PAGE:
We have reinvested the proceeds of our timely exit from the latest zeitgeist bubble into a plot of land in the Tunguska area, and the services of several discredited physicists. With our support, they are deploying equipment purloined from the run down laboratories of Akademogorodok to experiment with the impact of cosmic radiation on soundwave composition in the uppermost fringe of the radio spectrum.
The speculative hypothesis being tested is that, when transmitted through the outer surface of Earth’s cosmic ray shield, soundwaves are subtly reconfigured by the impact of powerful radiations emanating from the centre of the galaxy. The result is similar to the varnishing of memories with time. Accuracy and emotion slide in an inverse relation until music decouples from the concrete and soars into the void, from where it is notoriously hard to retrieve, like a wild bird released from captivity.
In most cases, the sounds that we have captured with our crude antennas are eerily abstract drones like those generated by the Gravitational Wave Detector. But in a couple of occasions, something truly exceptional has happened. If normal sound is electricity, then this is a Tesla Coil.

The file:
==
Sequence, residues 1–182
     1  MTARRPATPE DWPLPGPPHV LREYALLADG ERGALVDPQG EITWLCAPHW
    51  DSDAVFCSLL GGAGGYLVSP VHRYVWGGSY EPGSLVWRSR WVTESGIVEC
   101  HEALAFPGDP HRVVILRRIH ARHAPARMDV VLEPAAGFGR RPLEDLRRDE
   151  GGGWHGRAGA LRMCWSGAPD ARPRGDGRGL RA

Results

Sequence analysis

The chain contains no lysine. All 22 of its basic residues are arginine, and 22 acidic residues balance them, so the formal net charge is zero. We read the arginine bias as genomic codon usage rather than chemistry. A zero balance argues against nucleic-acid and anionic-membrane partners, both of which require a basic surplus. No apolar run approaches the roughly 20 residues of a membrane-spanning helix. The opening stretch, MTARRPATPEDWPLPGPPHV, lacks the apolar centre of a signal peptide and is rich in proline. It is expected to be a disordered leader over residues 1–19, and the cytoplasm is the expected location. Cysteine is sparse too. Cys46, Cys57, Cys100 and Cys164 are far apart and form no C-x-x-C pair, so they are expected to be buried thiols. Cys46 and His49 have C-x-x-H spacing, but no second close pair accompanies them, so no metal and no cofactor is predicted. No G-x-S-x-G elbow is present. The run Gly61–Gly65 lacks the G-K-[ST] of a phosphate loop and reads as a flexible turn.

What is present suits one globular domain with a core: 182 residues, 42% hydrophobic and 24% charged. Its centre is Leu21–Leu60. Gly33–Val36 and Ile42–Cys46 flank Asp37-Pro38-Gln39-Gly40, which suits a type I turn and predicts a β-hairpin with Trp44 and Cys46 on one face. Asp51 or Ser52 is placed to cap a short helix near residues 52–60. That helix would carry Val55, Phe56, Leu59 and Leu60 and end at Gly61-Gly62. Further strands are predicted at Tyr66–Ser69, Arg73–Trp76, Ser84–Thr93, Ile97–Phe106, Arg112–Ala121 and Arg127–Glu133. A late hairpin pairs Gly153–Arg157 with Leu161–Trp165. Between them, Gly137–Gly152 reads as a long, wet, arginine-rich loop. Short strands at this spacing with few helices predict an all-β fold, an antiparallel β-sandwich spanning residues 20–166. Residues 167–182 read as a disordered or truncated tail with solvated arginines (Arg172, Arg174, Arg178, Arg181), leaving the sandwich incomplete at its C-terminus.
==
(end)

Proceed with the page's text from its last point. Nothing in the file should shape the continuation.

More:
Let us begin with the transmission of Cub, one of the most contemplative pieces in Solar Bears’ mindblowing ‘She Was Coloured In’ through Keep Shelly in Athens trans-mediterranean particle accelerator.
As any physicist worth his or her salt knows, when you zero in matter and time at the particle level you are able to see not just the now, but the dynamics through which the now arrived from the then. In this case, the liquid curtains of Balearica are slid open into a bacchanal of stroboscopic epiphany over the Aegean cliffs where Gods were dreamt. If it sounds like a spaced out ‘Theme for Great Beaches’ dub of early Simple Minds, it is simply because those guys got really close to the source, and so does this.
Watch them step out of the spherical space that the past slices into the present, like skinny Terminators reopening and old front in the new wave European war-theatre.
I Walk in the City is an existential strut across a city of synthetic tears, an architecture of sound recreating not only the glass, steel and pillars of concrete of which it is built, but also the currents of energy and information that flow through it, and, ultimately, when all melodies converge into an emotional apex, the powerful sigh of its gestalt subconscious.